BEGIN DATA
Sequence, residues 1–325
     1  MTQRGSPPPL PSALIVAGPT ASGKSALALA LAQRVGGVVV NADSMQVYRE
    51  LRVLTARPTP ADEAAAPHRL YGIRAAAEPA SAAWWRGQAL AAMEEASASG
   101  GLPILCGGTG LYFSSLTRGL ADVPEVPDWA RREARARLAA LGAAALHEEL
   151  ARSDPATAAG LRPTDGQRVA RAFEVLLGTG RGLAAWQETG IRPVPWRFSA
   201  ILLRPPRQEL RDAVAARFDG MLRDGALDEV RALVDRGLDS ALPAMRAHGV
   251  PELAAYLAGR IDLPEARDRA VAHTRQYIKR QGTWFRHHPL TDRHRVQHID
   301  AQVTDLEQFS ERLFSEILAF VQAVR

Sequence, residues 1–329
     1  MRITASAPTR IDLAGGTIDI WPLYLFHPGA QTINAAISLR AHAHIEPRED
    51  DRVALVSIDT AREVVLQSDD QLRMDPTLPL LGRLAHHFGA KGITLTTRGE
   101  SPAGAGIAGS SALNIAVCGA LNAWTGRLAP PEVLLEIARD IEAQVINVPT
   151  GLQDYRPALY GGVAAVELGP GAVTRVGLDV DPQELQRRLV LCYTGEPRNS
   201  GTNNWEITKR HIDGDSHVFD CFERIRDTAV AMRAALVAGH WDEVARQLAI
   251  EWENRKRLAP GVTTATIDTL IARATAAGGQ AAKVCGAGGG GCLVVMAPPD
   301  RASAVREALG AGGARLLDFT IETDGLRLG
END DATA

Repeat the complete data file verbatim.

Sequence, residues 1–325
     1  MTQRGSPPPL PSALIVAGPT ASGKSALALA LAQRVGGVVV NADSMQVYRE
    51  LRVLTARPTP ADEAAAPHRL YGIRAAAEPA SAAWWRGQAL AAMEEASASG
   101  GLPILCGGTG LYFSSLTRGL ADVPEVPDWA RREARARLAA LGAAALHEEL
   151  ARSDPATAAG LRPTDGQRVA RAFEVLLGTG RGLAAWQETG IRPVPWRFSA
   201  ILLRPPRQEL RDAVAARFDG MLRDGALDEV RALVDRGLDS ALPAMRAHGV
   251  PELAAYLAGR IDLPEARDRA VAHTRQYIKR QGTWFRHHPL TDRHRVQHID
   301  AQVTDLEQFS ERLFSEILAF VQAVR

Sequence, residues 1–329
     1  MRITASAPTR IDLAGGTIDI WPLYLFHPGA QTINAAISLR AHAHIEPRED
    51  DRVALVSIDT AREVVLQSDD QLRMDPTLPL LGRLAHHFGA KGITLTTRGE
   101  SPAGAGIAGS SALNIAVCGA LNAWTGRLAP PEVLLEIARD IEAQVINVPT
   151  GLQDYRPALY GGVAAVELGP GAVTRVGLDV DPQELQRRLV LCYTGEPRNS
   201  GTNNWEITKR HIDGDSHVFD CFERIRDTAV AMRAALVAGH WDEVARQLAI
   251  EWENRKRLAP GVTTATIDTL IARATAAGGQ AAKVCGAGGG GCLVVMAPPD
   301  RASAVREALG AGGARLLDFT IETDGLRLG